“His gymnastics is as error-free as anybody doing gymnastics right now,” Daggett said. “There have been gymnasts that can do well in the United States, and they just don’t hold up as well on the international front. That’ll never be the case with Yul.”

Akash Modi
Rio Olympic alternate
2017 NCAA all-around champion

Modi and Moldauer have traded victories in head-to-head competitions this year. Modi, who just completed his Stanford career, has the degree of difficulty edge on his Oklahoma rival. It’s just a matter of how clean he can be.

But one wonders if either Moldauer or Modi would have been able to keep a fully healthy Mikulak from a fifth straight national title. Mikulak won all four of his crowns despite never hitting all 12 of his routines at the two-day meet.

“To a healthy and error-free Sam, no, they’re not at that level,” Daggett said. “To be perfectly honest, in my opinion, an error-free Sam, the only person that was really at his level was [Olympic all-around champion] Kohei Uchimura and Vernyayev, I would say — Sam never had a flawless competition, but if he had.”

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MORE: Two-time U.S. Olympian retires from men’s gymnastics

Federica Brignone passes Mikaela Shiffrin for World Cup overall lead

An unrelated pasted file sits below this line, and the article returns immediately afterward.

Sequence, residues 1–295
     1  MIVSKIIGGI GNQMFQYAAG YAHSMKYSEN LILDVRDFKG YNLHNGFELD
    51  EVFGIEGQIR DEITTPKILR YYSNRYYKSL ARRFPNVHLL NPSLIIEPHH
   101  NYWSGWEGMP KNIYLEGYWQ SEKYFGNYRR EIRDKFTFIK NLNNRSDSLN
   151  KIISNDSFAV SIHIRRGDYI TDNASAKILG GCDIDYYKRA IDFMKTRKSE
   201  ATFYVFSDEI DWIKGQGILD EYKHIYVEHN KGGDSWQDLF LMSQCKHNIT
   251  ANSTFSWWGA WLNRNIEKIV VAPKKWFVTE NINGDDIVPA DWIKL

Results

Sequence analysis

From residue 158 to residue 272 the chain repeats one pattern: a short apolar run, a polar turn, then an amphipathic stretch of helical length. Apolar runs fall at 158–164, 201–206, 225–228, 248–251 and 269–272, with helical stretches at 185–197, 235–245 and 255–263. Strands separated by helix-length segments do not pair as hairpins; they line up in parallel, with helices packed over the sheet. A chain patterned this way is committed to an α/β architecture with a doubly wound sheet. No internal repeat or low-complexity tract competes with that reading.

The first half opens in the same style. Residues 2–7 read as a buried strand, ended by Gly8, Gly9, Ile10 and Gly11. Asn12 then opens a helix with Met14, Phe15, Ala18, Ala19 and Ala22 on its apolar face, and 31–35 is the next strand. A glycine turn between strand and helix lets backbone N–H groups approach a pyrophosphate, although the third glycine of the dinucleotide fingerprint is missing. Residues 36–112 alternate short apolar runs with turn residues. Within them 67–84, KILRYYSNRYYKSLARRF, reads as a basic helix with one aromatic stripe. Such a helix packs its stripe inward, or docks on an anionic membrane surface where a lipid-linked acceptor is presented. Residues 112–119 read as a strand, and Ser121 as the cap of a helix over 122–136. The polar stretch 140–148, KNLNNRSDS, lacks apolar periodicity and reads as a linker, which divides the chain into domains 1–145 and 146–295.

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Italian Federica Brignone passed an absent Mikaela Shiffrin for the World Cup overall standings lead by winning a combined in Switzerland on Sunday.

Brignone prevailed by .92 of a second adding times from super-G and slalom runs in Crans-Montana. Full results are here.

Brignone moved 73 points ahead of Shiffrin in the overall through 29 of 40 scheduled races. A race winner receives 100 points on a descending scale through the 30th-place finisher. The season runs through March 22.

Shiffrin, the three-time reigning World Cup overall champion, has not competed since the unexpected death of her father on Feb. 2. She has not announced if or when she will return this season.

Brignone, 29, is having a career season with five wins and 10 podiums across four disciplines.